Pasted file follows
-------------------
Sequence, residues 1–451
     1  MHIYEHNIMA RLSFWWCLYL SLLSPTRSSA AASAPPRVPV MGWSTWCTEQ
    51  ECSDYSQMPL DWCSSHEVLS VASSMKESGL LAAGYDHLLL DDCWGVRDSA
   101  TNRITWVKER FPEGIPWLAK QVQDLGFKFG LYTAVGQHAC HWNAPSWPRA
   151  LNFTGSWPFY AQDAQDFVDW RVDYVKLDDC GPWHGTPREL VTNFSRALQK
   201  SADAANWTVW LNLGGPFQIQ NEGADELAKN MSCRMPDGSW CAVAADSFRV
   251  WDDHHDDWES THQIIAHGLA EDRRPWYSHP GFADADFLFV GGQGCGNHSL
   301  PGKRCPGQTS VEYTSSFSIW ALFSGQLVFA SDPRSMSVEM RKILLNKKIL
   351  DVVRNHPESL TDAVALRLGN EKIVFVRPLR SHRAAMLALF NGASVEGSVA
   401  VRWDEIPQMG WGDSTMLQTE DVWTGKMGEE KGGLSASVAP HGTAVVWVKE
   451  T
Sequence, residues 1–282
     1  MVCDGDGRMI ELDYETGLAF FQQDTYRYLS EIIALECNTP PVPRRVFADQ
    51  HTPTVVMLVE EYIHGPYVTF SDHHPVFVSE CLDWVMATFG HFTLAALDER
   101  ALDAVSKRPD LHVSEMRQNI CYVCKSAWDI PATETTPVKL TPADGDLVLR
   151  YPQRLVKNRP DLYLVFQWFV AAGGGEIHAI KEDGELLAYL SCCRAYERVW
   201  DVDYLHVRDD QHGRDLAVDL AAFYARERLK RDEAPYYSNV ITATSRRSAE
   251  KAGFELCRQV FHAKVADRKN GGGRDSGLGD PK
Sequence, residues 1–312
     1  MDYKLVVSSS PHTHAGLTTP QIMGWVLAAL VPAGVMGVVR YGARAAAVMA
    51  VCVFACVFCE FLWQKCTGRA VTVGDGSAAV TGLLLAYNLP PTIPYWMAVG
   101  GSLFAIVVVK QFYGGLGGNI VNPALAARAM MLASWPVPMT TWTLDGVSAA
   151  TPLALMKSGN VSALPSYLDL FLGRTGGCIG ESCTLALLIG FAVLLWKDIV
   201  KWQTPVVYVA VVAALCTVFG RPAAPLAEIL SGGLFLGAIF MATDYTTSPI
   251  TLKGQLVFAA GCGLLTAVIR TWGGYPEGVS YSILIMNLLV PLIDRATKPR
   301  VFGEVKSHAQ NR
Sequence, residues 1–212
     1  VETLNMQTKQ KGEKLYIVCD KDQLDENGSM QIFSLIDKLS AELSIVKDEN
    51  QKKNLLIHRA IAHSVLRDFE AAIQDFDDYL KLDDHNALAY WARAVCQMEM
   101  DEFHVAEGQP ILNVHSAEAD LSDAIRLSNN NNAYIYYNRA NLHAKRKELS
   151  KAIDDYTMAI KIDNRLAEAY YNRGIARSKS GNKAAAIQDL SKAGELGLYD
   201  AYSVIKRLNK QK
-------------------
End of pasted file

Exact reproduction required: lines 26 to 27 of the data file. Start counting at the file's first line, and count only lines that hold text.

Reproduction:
   301  VFGEVKSHAQ NR
Sequence, residues 1–212